Commission walks media over ethics tightrope


05-May-2012

Vice-President Faure launching the seminar

They talked about tough issues like whether crime suspects or convicts should be named, some arguing identifying them exposes their family members to stigma.

“The offenders should have considered such consequences before breaking the law,” some argued.
Judge Andre Sauzier was one of the experts who gave presentations on Thursday and said accused people should be presumed innocent until proven guilty and should be spared identification, noting also that lawyers should not comment on cases before the court, when the media should report only the facts without commenting.

“When the case is over the media is free to even criticise judgments, but without inferring things like the judge was biased as that would add up to contempt of court,” he said.

He said it is wrong to bring up things that a person did long ago, saying even ex-convicts should be considered to have gone through purification while in jail and should be given a fair chance to start life afresh.

Lawyer Bernard Georges said where the media has reported something a subject claims to be untrue, the burden of proving the inaccuracy should lie on the complainant rather than the media proving they are right.

“In the case of issues publicised in the interest of the public, it does not matter whether the media gets the facts right or wrong, as long as they can prove the matters were publicised “in the public interest.”

The workshop delegates debated at length what is “private” when a public figure is concerned, but also heard that an issue can be of public interest if public assets are involved.

“If a driver misuses a public vehicle, he does not have to be a public figure for the issue to be private,” said Mr Georges.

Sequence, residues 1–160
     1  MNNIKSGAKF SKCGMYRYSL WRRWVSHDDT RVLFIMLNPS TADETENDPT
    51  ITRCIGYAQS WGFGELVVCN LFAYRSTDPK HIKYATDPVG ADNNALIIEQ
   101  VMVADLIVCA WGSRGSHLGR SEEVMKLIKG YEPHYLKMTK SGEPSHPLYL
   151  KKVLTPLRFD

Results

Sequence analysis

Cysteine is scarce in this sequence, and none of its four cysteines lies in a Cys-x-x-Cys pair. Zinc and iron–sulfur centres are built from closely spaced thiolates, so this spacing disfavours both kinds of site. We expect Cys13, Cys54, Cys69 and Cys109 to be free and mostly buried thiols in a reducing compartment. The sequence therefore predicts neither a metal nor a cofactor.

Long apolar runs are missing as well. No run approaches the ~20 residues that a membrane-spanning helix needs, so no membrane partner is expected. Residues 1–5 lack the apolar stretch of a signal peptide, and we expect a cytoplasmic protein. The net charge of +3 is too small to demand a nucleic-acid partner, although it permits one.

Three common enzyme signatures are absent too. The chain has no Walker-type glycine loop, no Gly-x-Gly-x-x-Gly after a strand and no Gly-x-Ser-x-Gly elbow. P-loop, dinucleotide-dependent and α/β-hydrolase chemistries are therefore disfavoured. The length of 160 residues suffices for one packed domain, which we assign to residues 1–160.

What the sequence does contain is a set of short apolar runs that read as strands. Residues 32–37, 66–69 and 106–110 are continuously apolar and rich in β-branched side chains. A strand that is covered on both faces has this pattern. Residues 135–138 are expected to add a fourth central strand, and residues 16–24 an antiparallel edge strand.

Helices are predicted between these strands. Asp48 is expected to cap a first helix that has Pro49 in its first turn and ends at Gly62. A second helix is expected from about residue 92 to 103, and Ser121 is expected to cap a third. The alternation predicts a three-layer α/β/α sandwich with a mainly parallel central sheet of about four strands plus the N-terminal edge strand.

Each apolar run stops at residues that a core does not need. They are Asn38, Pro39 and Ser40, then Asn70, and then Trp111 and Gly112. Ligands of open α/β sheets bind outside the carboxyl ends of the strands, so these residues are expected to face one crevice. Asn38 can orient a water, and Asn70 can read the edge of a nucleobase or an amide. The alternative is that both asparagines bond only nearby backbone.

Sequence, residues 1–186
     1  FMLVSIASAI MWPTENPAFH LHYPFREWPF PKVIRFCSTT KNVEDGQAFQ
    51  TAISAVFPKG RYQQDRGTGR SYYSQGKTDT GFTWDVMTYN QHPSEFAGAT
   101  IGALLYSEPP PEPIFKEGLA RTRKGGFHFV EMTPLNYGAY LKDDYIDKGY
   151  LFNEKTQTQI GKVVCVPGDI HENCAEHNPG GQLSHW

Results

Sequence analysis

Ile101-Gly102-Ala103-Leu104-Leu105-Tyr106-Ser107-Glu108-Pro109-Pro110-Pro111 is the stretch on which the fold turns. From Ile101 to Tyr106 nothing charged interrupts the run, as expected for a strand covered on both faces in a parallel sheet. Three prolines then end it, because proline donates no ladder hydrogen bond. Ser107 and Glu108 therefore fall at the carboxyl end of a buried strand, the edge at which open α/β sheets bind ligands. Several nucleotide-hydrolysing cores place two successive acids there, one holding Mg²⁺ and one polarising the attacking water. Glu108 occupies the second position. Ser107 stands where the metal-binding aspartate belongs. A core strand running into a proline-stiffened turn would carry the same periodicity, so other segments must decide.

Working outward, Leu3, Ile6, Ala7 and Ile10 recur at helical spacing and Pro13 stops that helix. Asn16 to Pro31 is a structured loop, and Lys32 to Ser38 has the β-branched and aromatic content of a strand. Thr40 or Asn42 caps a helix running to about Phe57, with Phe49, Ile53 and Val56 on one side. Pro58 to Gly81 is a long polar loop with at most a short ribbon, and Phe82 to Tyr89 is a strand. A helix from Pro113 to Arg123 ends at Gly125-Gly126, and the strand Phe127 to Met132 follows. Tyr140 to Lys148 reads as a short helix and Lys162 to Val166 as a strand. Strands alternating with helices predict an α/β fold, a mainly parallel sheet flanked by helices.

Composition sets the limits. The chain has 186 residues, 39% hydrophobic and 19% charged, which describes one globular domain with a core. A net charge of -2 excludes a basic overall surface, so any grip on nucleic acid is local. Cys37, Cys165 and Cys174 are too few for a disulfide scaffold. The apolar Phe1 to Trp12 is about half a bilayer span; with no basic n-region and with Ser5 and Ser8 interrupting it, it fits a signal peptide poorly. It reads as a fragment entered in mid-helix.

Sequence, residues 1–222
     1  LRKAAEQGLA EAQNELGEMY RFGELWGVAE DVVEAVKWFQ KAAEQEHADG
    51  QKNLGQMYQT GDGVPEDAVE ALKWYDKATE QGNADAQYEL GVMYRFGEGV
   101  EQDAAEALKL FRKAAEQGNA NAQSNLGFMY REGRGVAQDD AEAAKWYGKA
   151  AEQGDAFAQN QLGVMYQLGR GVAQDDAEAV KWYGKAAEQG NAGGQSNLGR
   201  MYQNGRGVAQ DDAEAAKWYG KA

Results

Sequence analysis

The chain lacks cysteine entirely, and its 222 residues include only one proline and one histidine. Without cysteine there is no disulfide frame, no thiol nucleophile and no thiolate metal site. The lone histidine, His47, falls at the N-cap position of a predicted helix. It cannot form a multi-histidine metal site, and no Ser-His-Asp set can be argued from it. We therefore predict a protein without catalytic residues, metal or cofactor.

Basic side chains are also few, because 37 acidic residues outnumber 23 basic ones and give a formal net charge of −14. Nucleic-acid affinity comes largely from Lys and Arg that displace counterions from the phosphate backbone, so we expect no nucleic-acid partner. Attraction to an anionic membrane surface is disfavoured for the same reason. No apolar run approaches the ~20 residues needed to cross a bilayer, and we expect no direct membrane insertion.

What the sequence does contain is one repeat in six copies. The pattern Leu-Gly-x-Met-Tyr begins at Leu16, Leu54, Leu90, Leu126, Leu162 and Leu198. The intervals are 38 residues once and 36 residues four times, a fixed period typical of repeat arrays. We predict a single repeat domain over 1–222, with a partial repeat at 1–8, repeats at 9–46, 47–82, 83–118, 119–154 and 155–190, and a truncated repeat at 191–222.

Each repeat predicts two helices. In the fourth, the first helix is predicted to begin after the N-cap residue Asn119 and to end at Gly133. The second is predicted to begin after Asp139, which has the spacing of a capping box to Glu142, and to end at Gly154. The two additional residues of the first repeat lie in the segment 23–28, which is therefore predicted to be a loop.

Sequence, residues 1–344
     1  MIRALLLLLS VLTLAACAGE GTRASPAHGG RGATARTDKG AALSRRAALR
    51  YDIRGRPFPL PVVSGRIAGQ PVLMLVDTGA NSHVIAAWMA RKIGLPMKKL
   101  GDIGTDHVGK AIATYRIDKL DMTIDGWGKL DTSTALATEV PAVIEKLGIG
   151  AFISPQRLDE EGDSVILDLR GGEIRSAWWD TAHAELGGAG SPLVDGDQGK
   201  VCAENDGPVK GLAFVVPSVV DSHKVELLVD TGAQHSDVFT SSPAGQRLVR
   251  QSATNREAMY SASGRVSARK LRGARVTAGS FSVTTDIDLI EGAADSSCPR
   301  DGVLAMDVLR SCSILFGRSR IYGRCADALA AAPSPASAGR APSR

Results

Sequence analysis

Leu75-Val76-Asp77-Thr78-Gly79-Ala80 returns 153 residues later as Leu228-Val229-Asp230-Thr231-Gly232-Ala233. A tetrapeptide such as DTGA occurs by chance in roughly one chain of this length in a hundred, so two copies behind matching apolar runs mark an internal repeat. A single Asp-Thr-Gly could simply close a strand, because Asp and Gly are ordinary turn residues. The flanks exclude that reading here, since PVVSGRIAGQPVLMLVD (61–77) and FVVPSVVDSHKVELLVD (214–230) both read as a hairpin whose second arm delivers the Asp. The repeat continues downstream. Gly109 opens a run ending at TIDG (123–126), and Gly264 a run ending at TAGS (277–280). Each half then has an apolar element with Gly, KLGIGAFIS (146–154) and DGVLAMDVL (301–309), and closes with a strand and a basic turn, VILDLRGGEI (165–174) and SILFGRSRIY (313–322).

In the first and very interesting presentation, chief press secretary Srdjana Janosevic said it is difficult for any media to claim it is completely independent, and gave examples of international organisations who vet what reporters have submitted.
She stressed that she was speaking in her capacity as a journalist and not a government spokesperson.

Miss Janosevic adduced statistics showing world media rely too heavily on press releases, which Mr Georges later said is annoying but could be explained by lack of resources and other constraints within media houses.

Organised by the Seychelles Media Commission (SMC) to coincide with World Press Freedom Day, the exercise was led by Kenyan media expert Esther Kamweru, and launched by Vice-President Danny Faure.

Mr Faure told the delegates every right comes with responsibilities and the media must learn to juggle between the two.
He said the code that the SMC hopes to come up with should protect and promote the freedom of expression and the work of the media, “while giving a set of principles and guidelines for the work of journalists, editors and publishers”.

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